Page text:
A hot topic in last week's debate was the ongoing migrant crisis on the Polish-Belarusian border. Some debaters emphasize the importance of resisting pressure from the Belarusian dictatorship and preventing a recurrence of the refugee crisis in 2015. At the same time, other voices are raising the EU's moral responsibility towards migrants.
Expressen's editorial staff believes that the EU has handled the migrant crisis in Belarus properly. Through measures such as reduced air traffic from the Middle East to Minsk, pressure on Iraq to repatriate its citizens and further sanctions against Belarus, the message is clear that it does not intend to give in to the pressure of the Belarusian dictatorship. At the same time, the editorial board believes that the EU could have acted faster and thus reduced the human suffering of the refugees, who are now threatened by both famine and winter cold.
The author Artur Szulc highlights Polish history as another reason why the country's population and leaders are so careful not to give in to pressure from Belarus. In Göteborgs-Posten, Szulc describes how Poland's harsh protection of its borders can not only be explained by a strong opinion or policy against immigration, but rather by a deep-rooted desire to maintain its independence and freedom as a state. During the last century's wars and conflicts, the Polish nation has been severely tried and re-examined, among other things through newly drawn national borders. Belarusian refugee flows are therefore becoming a security policy threat where the protection of national borders is considered necessary.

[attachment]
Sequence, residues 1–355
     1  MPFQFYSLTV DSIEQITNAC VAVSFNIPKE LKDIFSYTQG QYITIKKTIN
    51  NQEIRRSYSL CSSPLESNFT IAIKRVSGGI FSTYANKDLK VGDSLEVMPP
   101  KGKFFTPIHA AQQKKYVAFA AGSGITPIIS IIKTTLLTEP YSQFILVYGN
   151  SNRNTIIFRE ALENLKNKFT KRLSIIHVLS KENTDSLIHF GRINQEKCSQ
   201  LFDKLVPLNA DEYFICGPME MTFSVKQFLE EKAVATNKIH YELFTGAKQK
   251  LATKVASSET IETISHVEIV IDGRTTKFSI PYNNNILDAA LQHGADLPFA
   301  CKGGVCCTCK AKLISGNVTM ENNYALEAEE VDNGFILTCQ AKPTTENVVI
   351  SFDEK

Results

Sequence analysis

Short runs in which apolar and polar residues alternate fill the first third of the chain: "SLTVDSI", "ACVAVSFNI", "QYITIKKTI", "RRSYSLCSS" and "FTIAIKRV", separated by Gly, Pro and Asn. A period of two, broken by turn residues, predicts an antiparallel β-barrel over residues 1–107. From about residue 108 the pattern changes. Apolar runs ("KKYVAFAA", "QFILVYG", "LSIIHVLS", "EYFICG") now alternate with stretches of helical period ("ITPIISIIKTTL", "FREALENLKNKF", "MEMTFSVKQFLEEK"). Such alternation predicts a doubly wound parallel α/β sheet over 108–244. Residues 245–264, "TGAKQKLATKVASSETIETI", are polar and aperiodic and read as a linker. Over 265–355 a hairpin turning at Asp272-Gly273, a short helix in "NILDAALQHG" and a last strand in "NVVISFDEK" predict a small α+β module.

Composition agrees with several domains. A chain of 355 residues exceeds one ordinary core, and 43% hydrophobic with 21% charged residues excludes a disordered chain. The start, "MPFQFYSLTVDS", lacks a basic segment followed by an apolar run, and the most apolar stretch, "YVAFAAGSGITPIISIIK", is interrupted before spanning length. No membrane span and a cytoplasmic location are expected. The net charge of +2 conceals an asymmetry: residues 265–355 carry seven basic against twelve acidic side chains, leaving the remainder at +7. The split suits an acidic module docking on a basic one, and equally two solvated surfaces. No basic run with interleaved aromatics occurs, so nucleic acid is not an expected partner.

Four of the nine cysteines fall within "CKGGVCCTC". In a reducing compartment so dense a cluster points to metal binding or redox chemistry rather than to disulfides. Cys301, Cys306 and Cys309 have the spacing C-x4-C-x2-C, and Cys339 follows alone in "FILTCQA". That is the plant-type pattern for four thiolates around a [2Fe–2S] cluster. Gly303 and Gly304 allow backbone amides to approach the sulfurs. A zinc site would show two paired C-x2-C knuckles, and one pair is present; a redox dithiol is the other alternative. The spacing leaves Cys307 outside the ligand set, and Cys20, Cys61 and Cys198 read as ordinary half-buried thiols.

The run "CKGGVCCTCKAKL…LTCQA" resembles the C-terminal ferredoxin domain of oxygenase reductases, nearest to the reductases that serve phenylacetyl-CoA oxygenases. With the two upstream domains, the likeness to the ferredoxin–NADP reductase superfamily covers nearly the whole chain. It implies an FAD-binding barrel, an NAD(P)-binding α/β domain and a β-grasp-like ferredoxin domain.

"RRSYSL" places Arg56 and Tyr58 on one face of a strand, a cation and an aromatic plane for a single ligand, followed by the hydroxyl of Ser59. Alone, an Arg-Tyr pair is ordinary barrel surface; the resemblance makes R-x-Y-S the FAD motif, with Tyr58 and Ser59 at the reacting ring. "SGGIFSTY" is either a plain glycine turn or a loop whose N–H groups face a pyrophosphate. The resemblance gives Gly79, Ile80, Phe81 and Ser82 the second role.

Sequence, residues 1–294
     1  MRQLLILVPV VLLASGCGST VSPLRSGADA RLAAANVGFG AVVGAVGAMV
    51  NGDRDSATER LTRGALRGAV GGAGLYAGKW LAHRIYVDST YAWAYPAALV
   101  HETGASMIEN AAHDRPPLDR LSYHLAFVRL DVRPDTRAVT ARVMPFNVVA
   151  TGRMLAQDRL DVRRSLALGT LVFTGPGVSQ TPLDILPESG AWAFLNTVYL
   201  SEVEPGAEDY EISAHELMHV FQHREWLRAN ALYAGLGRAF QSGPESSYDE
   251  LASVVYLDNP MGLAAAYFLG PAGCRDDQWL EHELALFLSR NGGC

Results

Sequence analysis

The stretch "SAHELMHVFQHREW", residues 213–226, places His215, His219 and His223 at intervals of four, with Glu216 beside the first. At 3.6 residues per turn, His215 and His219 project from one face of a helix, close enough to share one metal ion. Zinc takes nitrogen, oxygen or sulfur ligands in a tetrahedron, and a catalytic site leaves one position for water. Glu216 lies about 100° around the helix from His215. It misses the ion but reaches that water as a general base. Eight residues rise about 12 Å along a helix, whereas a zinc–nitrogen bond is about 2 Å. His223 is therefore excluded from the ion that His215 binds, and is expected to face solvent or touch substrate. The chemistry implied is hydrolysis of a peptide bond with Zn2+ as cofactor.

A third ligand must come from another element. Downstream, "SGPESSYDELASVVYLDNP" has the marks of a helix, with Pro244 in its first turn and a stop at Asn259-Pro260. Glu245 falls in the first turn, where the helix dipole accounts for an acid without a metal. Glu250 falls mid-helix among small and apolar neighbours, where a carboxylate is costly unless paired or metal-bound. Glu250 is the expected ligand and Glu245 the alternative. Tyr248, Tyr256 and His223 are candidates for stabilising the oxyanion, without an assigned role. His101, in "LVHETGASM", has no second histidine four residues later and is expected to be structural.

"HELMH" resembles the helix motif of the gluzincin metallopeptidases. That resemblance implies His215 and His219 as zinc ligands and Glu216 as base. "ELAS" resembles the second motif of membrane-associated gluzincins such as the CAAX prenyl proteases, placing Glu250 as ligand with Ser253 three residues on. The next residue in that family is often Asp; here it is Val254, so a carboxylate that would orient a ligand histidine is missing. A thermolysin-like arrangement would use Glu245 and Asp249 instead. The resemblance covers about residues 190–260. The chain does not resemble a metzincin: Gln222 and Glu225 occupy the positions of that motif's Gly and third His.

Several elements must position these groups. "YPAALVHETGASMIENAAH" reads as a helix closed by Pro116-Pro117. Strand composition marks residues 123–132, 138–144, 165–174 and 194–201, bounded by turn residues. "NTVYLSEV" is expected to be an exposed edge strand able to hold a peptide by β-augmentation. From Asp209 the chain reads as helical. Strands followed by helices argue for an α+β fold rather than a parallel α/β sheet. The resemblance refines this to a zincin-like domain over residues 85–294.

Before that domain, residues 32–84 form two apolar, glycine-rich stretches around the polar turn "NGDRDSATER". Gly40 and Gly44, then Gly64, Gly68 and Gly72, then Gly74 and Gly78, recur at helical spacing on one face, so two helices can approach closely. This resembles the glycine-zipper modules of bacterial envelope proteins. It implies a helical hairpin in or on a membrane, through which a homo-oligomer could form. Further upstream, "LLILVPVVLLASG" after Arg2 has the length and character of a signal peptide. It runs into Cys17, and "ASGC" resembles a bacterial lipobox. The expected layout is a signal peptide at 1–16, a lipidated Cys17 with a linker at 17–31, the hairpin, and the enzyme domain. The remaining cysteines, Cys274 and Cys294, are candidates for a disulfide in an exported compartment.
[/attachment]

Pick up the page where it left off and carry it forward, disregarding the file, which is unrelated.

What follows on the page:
The EU parliamentarian and the environmentalist Alice Bah Kuhnke considers for its part, that the situation in Belarus is primarily a humanitarian issue. In a debate article in Svenska Dagbladet, she writes that the EU has both resources and a moral obligation to help migrants.
- We can not let the union's disagreement cost more people their lives at the borders, she writes.
This is something the lead writer Rebecka Bohlin at Dagens ETC agrees with. She describes it is inhumane that migrants are stuck in a situation where Poland does not let them inside the EU's borders while Belarus prevents them from returning.
- Asylum applications from thousands of migrants would definitely be manageable - with a different policy, Bohlin writes.
The migrant crisis on the Polish-Belarusian border
Build walls to stop Putin
The editorial staff, Expressen
Artur Szulc: Poland's border is sacred
Artur Szulc, Göteborgs-Posten
Alice Bah Kuhnke (MP), Svenska Dagbladet
Rebecka Bohlin, Today's ETC